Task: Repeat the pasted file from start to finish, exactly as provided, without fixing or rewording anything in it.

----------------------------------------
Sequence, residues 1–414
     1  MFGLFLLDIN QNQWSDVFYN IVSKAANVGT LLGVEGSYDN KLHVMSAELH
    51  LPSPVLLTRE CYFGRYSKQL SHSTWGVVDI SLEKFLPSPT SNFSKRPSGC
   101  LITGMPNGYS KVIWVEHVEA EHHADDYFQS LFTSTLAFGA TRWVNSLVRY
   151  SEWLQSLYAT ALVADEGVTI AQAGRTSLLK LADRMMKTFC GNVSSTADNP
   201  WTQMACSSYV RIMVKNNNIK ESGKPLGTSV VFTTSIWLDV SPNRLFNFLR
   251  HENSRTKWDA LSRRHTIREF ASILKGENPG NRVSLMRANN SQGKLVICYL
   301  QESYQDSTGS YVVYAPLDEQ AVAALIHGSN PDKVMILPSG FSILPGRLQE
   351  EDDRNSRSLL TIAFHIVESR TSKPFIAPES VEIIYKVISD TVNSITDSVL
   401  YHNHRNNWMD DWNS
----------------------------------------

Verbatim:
Sequence, residues 1–414
     1  MFGLFLLDIN QNQWSDVFYN IVSKAANVGT LLGVEGSYDN KLHVMSAELH
    51  LPSPVLLTRE CYFGRYSKQL SHSTWGVVDI SLEKFLPSPT SNFSKRPSGC
   101  LITGMPNGYS KVIWVEHVEA EHHADDYFQS LFTSTLAFGA TRWVNSLVRY
   151  SEWLQSLYAT ALVADEGVTI AQAGRTSLLK LADRMMKTFC GNVSSTADNP
   201  WTQMACSSYV RIMVKNNNIK ESGKPLGTSV VFTTSIWLDV SPNRLFNFLR
   251  HENSRTKWDA LSRRHTIREF ASILKGENPG NRVSLMRANN SQGKLVICYL
   301  QESYQDSTGS YVVYAPLDEQ AVAALIHGSN PDKVMILPSG FSILPGRLQE
   351  EDDRNSRSLL TIAFHIVESR TSKPFIAPES VEIIYKVISD TVNSITDSVL
   401  YHNHRNNWMD DWNS